MIAMI — United Airlines has made a lot of progress in its metrics but it’s not quite where it should be and will be working on closing the gap, said John Rainey, the carrier’s executive vice president and CFO in remarks at the JP Morgan Aviation, Transportation and Industrials conference.
“United has been a leader in capacity discipline and will adhere to that in 2015. Growing less than GDP is capacity discipline,” said Rainey. “We continue to install Wi-Fi and slimline seats, along with upgrading the regional airline fleet. We’ve been way too reliant on 50-seat regional jets.
“It was great when we first purchased them 10 to 15 years ago, but even with fuel prices, there are better options today,” said Rainey. “We’re replacing them with Embraer E175, 76-seat aircraft. We’re taking on 53 of those aircraft this year.”
In 2012, United’s fleet was 56 percent mainline, 44 percent regional aircraft, said Rainey. By the end of 2015, the airline will be at 60 percent mainline and 40 percent regional aircraft, he said.
“We’re consolidating frequencies and actually reducing departures by four percent but upgauging by six percent mostly by adding E175s and cutting 50-seat RJs. This will allow us to increase revenue.” he said. “There has been a dramatic improvement in the aircraft because the E175 has first class, Economy Plus and no middle seats.”
United is enhancing its network by rebanking to improve directional flows in hubs, especially those that rely on east-west flows, said Rainey. The airline rebanked Denver and Houston Intercontinental in the third quarter of 2014, and will do Chicago O’Hare in the second quarter of 2015 to improve passenger flow and optimize connection times, he said.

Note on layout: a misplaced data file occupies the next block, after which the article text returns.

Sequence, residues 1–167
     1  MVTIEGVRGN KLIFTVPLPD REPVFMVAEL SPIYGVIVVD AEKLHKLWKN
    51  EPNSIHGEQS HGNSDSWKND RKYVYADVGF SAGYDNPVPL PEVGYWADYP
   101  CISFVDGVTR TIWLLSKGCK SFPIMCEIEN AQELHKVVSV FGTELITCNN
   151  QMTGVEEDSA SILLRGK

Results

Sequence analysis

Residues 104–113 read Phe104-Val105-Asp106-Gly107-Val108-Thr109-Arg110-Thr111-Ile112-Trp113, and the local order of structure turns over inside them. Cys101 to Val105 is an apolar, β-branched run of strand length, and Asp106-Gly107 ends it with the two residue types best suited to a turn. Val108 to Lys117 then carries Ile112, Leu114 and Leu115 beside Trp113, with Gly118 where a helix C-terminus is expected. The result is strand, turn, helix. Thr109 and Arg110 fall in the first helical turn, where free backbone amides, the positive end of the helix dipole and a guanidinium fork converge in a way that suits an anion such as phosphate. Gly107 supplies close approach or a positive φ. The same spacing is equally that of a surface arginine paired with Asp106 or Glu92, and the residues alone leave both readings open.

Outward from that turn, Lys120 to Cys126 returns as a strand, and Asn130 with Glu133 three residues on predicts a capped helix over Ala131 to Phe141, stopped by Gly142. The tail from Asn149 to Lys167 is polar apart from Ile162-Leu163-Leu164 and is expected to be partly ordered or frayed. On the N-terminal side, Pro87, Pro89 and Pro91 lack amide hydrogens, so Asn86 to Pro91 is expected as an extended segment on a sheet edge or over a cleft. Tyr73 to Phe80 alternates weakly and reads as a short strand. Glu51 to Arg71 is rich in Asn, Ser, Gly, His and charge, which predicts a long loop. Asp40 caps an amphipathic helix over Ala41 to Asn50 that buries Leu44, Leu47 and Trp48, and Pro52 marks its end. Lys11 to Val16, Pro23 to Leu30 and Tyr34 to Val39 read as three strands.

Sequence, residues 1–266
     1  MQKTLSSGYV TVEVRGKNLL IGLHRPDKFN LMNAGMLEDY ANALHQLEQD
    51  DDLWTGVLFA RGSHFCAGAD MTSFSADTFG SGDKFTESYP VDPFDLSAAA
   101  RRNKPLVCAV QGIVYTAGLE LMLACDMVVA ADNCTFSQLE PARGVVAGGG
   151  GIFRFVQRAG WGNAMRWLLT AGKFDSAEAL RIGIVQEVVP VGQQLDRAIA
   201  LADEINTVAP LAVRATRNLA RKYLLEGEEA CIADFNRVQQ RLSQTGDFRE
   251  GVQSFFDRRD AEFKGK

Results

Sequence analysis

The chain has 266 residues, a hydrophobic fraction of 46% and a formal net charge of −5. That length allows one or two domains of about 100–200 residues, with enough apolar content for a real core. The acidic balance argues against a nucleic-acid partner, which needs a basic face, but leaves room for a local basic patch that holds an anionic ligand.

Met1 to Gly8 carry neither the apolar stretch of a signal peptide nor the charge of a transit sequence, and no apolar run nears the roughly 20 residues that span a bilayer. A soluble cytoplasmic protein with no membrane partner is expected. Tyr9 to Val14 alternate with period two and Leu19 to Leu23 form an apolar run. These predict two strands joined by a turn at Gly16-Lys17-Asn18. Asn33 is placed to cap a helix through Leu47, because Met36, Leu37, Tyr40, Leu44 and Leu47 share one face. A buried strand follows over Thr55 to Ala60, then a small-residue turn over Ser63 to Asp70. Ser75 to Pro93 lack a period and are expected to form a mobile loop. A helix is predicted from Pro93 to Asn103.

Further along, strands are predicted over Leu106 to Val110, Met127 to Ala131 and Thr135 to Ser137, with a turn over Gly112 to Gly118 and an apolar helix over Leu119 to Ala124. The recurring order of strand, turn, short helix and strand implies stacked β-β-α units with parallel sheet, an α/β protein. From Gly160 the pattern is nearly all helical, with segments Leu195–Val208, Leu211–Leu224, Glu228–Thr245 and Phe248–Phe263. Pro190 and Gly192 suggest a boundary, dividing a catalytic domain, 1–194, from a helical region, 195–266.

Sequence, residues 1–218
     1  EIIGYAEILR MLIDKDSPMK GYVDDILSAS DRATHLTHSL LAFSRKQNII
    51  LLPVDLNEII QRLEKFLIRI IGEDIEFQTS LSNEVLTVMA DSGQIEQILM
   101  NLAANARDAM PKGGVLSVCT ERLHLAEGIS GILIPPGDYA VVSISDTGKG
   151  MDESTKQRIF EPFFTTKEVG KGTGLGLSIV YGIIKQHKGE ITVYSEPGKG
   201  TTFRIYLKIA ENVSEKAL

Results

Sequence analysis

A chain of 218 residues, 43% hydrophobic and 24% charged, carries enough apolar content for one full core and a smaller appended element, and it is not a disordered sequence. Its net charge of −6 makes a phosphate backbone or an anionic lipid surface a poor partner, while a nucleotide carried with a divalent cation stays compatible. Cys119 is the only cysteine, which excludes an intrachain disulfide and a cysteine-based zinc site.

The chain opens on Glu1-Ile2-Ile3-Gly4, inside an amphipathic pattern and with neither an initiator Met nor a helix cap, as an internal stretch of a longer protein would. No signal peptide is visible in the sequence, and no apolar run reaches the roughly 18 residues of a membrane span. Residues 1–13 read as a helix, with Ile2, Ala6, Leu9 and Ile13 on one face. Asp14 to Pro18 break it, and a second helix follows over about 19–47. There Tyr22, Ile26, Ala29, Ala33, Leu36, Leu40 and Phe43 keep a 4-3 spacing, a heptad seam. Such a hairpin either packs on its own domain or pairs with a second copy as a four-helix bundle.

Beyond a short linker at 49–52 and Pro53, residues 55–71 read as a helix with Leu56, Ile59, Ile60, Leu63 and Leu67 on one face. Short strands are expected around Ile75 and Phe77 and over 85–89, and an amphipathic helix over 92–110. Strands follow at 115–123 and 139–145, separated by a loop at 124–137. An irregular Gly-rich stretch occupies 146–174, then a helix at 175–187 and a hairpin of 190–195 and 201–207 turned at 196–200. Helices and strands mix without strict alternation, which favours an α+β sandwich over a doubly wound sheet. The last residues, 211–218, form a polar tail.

United achieved $3 billion in ancillary revenue in 2014, said Rainey. “Our goal is to increase that by $200 million in 2015,” he said. “We can do this with new product and existing things like the ability to price Economy Plus at 16 different price points.”
The carrier has demonstrated strong cost performance and is on track to achieve $1 billion in non-fuel annual savings by 2017, said Rainey. Productivity improvements will drive $500 million in annual savings by 2017, he added.
“A big part of our cost savings initiatives is productivity improvements, by three percent in 2014 and the same in 2015,” said Rainey. “A big part of this is the deployment of self service for customers. For example, Boston has self-bag tags and check-in.
“Eighty-five percent of passengers are now doing this and they don’t see a human being until they’re greeted by a flight attendant,” said Rainey. “This frees our employees to provide other customers the service they expect when they need help.”